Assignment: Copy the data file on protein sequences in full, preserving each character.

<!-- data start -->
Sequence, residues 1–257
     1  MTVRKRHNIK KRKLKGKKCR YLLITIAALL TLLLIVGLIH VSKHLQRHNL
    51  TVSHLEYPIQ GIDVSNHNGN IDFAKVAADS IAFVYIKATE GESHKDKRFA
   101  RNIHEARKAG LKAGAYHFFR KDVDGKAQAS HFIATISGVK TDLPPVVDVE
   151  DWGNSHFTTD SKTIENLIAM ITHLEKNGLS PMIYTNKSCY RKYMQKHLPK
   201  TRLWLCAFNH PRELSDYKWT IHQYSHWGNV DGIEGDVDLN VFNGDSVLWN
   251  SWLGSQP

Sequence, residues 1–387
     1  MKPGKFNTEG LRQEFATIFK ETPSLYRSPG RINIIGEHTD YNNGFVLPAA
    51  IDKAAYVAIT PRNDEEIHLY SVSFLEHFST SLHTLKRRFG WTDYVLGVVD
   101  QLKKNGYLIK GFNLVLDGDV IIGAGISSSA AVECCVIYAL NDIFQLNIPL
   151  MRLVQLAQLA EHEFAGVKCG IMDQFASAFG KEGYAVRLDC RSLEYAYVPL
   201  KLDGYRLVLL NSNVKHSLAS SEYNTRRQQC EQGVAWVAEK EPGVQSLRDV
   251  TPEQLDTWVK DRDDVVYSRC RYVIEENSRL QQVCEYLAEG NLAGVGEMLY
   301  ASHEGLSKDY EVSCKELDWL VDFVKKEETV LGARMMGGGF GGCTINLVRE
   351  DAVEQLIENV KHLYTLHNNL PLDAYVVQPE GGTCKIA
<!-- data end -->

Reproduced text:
Sequence, residues 1–257
     1  MTVRKRHNIK KRKLKGKKCR YLLITIAALL TLLLIVGLIH VSKHLQRHNL
    51  TVSHLEYPIQ GIDVSNHNGN IDFAKVAADS IAFVYIKATE GESHKDKRFA
   101  RNIHEARKAG LKAGAYHFFR KDVDGKAQAS HFIATISGVK TDLPPVVDVE
   151  DWGNSHFTTD SKTIENLIAM ITHLEKNGLS PMIYTNKSCY RKYMQKHLPK
   201  TRLWLCAFNH PRELSDYKWT IHQYSHWGNV DGIEGDVDLN VFNGDSVLWN
   251  SWLGSQP

Sequence, residues 1–387
     1  MKPGKFNTEG LRQEFATIFK ETPSLYRSPG RINIIGEHTD YNNGFVLPAA
    51  IDKAAYVAIT PRNDEEIHLY SVSFLEHFST SLHTLKRRFG WTDYVLGVVD
   101  QLKKNGYLIK GFNLVLDGDV IIGAGISSSA AVECCVIYAL NDIFQLNIPL
   151  MRLVQLAQLA EHEFAGVKCG IMDQFASAFG KEGYAVRLDC RSLEYAYVPL
   201  KLDGYRLVLL NSNVKHSLAS SEYNTRRQQC EQGVAWVAEK EPGVQSLRDV
   251  TPEQLDTWVK DRDDVVYSRC RYVIEENSRL QQVCEYLAEG NLAGVGEMLY
   301  ASHEGLSKDY EVSCKELDWL VDFVKKEETV LGARMMGGGF GGCTINLVRE
   351  DAVEQLIENV KHLYTLHNNL PLDAYVVQPE GGTCKIA